Here is a bit of History 101 for black soap:
Traditional African Black Soap is Centuries Old
Black African Soap Has Numerous Benefits and is Not Scented.
Africans have used Black Soap For Centuries to help with these Skin Problems:
The next process is very precise because if it is not done properly, with the correct ingredients, there will be no soap. The roasted plantain skin is mixed with palm oil and palm kernel oil to form the soap. The roasted plantains determine the color of the soap. The longer the plantains are roasted, the darker the soap.
African black soap is soft with an organic shape. It has a delicate texture and a natural, earthy smell. It is not oily, and can be used for hands, face, body and hair. It is most commonly found in Ghana, however other countries have their versions of black soap as well. Other words for black soap are Alata Samina, Anago Samina which comes from the Twi language in northern Ghana.
The benefits of black soap:
- Relieves Acne (using Raw Shea Butter helps with this process)
- Oily Skin,
- Clears Blemishes and Various other Skin Issues.
- Many swear by it for Skin Irritations and Conditions such as Eczema and Psoriasis.
- African Black soap has also been used to Achieve Quality Beautiful Skin.
- Africans have also used this Natural Soap for Bathing and Washing their Hair.
- It’s excellent for Removing Make-Up
- Black Soap will leave your Skin Silky Soft and Clear.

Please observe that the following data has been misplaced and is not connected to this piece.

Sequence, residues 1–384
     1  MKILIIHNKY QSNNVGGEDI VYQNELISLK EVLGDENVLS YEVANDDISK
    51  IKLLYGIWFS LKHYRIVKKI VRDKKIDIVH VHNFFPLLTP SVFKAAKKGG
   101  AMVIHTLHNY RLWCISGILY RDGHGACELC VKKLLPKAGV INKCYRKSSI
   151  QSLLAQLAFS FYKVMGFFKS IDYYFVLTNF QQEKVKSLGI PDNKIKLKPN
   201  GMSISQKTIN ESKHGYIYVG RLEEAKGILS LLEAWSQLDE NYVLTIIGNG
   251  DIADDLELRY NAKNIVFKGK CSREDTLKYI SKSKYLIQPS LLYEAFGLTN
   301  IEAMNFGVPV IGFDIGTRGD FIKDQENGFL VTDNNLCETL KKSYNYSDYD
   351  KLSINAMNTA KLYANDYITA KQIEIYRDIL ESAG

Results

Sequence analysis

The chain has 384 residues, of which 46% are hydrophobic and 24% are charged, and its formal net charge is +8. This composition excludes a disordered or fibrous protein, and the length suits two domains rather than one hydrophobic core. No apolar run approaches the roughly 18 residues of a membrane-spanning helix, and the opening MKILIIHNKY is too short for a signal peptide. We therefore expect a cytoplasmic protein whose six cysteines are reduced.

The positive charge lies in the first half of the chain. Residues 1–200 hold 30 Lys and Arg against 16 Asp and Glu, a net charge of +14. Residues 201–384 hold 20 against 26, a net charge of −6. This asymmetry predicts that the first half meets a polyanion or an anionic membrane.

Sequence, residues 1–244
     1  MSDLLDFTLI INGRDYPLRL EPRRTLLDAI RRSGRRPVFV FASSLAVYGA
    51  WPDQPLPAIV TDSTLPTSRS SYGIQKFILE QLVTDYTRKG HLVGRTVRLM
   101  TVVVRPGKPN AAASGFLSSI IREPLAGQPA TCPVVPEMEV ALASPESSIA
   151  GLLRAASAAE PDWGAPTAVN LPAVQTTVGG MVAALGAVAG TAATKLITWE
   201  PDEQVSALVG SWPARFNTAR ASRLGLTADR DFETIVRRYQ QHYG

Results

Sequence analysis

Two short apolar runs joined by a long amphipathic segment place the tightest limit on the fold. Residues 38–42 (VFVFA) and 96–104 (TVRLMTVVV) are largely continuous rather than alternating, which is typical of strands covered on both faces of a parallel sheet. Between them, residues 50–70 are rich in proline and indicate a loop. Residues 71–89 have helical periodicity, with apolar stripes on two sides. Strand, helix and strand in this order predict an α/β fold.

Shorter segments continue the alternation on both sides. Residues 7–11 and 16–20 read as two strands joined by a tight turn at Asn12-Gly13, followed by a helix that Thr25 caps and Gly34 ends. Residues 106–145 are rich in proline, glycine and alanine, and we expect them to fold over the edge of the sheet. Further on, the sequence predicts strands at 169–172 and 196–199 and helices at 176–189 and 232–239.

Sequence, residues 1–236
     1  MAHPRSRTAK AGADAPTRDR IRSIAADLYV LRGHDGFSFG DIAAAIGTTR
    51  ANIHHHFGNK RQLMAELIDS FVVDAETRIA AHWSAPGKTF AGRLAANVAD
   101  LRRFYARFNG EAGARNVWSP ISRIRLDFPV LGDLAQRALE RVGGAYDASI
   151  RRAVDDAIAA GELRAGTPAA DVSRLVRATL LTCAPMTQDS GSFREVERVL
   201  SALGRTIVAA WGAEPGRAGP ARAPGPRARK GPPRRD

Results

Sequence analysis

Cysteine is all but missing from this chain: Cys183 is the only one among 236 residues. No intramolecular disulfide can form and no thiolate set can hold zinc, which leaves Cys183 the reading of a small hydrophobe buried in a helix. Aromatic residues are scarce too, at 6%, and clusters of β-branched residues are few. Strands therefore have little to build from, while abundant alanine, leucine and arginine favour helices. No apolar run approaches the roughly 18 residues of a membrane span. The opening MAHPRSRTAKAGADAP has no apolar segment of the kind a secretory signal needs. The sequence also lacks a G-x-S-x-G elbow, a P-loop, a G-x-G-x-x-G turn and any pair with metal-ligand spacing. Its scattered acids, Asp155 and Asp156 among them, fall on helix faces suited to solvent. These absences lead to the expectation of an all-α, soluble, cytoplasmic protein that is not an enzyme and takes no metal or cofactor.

- Black Soap is used to Rid the Skin of Rashes, Ring Worm, Measles, and Body Odors.
- It is also used as a Natural Shampoo to Avoid Dry Itchy Scalp.
- Black African Soap is Rich is Vitamins A & E and Iron
The Works of Black Soap:
- – Helps deep clean skin.
- – Works on most skin types including rough and dry or sensitive skin
- – Helps clear skin bumps and spots
- – Helps relieve acne, oily skin & other skin problems.
- – Great for removing makeup
- – Works against premature facial lines and wrinkles
- – Can be lathered and used as a shampoo.
Ingredients are : Traditional Black Soap contains mainly water, cocoa pod ashes, plantain skins ashes, and palm oil, cooked together.
Using African Black Soap:
Break off a bar-size piece from the bulk, then press it to shape with your hands, or use it as is. Rub the bar between your hands (or on a washcloth would also work), then rub your soapy hands on your skin and hair. (If you rub the bar on your hair, it will get hair stuck to the bar.) Black soap absorbs water easily, so keep it from sitting in water or it will dissolve away. The soap holders covered with little vertical fingers work well.
Because this soap is softer than commercial soap, it comes off the bar more easily, so less rubbing of the bar is needed to release enough soap. When you start another bar, just push the old soap sliver onto the new piece and the two will easily unite; leaving no waste.
Storing your African Black Soap:
Pure traditional African black soap is a soft milled soap and has very high natural glycerin content. As a result, it readily absorbs moisture from the air. It must be stored in a dry location or in a sealed plastic bag or it will become soft as it absorbs moisture. Black soap exposed to the air will have a thin white colored film. This film is not mold it is caused by absorption of water from the air. This can be avoided by keeping the soap in a dry location away from moisture until ready for use. It will be sent to you in a plastic ziploc bag for convenience.